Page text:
Bridge Cottage Heritage Centre is planning to compile a record of how Uckfield people managed, and how the community responded, during the Coronavirus pandemic.
Once the project is launched more information will be available, but, for now, the centre is asking people to bear them in mind.
Jeff Holman, of Bridge Cottage, said the heritage centre’s local history archive contains a growing number of books, maps, photographs, memories, objects etc, donated largely by local people and they have always been very grateful for these.
“Together, they add to our record of the history of Uckfield and the surrounding areas, and have provided much of the content of recent exhibitions in Bridge Cottage.”
He asks that if you are using your time at home during the lockdown to have a good clear out, and have come across anything that could be added to the archive, do think of the heritage centre.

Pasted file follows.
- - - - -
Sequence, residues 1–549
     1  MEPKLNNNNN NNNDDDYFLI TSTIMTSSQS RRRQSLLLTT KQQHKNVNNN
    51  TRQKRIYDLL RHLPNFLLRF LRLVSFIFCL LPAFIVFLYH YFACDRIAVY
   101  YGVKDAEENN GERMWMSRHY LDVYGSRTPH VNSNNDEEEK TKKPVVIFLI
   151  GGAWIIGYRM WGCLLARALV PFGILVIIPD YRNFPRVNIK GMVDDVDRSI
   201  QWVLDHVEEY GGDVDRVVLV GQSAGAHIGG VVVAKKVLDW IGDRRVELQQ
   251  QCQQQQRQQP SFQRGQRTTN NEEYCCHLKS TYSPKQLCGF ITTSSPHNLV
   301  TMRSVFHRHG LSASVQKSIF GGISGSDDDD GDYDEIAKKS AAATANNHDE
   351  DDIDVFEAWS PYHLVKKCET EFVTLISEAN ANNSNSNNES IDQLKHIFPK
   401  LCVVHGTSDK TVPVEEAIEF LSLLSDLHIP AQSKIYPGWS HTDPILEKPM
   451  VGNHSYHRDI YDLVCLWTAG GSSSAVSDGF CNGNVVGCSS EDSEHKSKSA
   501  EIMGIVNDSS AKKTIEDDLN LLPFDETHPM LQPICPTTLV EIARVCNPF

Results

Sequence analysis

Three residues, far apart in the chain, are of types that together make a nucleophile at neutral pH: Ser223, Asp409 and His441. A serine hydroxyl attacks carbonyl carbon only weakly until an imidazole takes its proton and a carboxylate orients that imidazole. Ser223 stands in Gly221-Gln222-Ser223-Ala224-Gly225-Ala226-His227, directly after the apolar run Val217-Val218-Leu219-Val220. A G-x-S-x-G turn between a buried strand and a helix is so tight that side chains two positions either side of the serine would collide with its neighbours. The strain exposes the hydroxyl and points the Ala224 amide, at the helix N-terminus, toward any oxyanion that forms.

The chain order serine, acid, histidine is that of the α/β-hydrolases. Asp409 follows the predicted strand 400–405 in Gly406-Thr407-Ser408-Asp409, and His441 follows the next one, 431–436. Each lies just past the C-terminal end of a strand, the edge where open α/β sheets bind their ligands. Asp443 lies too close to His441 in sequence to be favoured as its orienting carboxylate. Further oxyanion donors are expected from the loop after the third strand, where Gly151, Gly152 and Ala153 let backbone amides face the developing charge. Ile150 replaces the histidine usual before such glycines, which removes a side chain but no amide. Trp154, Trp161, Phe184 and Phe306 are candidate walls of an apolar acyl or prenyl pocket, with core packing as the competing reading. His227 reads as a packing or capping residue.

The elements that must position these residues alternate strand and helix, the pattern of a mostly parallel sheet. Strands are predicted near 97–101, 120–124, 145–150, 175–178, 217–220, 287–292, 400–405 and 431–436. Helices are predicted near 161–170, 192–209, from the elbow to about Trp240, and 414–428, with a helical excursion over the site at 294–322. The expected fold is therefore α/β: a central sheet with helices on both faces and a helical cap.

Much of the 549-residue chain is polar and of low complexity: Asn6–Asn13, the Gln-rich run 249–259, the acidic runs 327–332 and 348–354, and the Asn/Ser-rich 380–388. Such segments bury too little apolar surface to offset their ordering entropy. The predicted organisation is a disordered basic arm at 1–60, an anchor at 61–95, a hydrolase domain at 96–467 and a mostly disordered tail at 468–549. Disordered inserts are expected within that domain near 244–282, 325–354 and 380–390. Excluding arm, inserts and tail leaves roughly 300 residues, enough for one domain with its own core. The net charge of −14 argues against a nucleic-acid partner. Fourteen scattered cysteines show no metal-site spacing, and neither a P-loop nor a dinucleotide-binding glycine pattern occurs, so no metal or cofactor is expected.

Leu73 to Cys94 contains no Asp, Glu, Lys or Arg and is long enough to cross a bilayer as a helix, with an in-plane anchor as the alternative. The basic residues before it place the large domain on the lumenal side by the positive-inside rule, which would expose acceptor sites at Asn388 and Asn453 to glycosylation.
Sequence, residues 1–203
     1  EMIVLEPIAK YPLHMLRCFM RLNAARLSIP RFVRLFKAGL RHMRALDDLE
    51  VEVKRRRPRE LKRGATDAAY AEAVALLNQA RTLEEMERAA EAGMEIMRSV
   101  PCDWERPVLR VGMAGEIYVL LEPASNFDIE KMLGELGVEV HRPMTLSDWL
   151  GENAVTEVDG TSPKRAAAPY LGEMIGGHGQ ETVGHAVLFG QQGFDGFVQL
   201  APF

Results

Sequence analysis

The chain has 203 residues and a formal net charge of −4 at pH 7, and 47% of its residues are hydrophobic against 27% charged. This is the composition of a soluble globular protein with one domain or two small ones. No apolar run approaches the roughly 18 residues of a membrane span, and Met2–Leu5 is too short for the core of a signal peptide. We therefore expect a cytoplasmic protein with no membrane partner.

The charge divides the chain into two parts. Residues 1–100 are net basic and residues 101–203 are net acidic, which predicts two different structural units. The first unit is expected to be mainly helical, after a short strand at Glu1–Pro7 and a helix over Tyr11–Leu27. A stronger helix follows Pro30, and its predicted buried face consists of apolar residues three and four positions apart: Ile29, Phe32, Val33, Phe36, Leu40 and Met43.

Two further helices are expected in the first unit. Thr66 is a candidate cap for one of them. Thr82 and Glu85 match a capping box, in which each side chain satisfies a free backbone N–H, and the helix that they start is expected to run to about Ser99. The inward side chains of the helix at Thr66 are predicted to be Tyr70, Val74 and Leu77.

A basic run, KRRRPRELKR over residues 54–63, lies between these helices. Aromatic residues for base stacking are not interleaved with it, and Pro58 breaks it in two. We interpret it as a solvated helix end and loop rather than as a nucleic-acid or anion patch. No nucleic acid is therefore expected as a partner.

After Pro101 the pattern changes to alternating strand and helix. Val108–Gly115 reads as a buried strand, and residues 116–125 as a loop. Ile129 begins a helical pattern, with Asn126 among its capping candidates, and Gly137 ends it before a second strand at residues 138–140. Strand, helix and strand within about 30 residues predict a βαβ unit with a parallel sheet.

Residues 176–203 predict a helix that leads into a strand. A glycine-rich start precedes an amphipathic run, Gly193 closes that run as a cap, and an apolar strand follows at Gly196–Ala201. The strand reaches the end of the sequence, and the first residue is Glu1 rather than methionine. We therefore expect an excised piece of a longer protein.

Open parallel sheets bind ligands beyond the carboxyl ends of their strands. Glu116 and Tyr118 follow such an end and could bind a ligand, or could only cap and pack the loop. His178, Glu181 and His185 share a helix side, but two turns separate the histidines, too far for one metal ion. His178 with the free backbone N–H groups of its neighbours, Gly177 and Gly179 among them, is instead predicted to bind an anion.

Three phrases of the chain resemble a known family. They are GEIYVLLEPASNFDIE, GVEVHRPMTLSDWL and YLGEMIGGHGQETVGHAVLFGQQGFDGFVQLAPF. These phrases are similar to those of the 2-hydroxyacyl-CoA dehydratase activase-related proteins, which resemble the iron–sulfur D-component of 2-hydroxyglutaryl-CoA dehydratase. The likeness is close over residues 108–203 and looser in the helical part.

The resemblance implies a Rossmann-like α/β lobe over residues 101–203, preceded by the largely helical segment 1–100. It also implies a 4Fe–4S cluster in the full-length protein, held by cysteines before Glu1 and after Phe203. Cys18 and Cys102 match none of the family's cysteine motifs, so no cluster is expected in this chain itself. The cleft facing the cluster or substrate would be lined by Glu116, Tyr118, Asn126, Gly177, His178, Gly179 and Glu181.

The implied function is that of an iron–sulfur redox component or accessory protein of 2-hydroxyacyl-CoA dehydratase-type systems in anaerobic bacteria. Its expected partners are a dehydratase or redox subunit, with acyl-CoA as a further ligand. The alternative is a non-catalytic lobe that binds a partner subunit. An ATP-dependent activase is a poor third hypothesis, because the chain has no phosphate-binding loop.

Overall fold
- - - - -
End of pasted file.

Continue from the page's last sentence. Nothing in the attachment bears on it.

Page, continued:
Jeff added: “It might be a picture of family members at work locally, memories of time at school, or in a youth or sports club. There may be pictures, programmes, catalogues, etc, relating to shops, or a street 30 years (or 100 years) ago, carnivals, trains. If it adds to our store of local knowledge, we would love to see it.”
Jeff said: “Clearly, we are not in a position to receive anything, or to meet people, at the moment, so we will make contact again when things improve.
“However, if you would like to notify us of anything relating to either of these requests, you can email us at email@example.com. We will respond, but it may not be for some time. Please don’t ring us – there’s no-one in the office.”
Another project being put together by Bridge Cottage is a booklet of information about Uckfield Council Houses.
The first to be built in town were on Selby Road and Vernon Road.
Bridge Cottage would like to hear from you if you have any pictures and/or memories of early council house life in town that you would be prepared to share. The email address to contact is firstname.lastname@example.org
The photograph below was taken in Selby Road, possibly in the 1930s.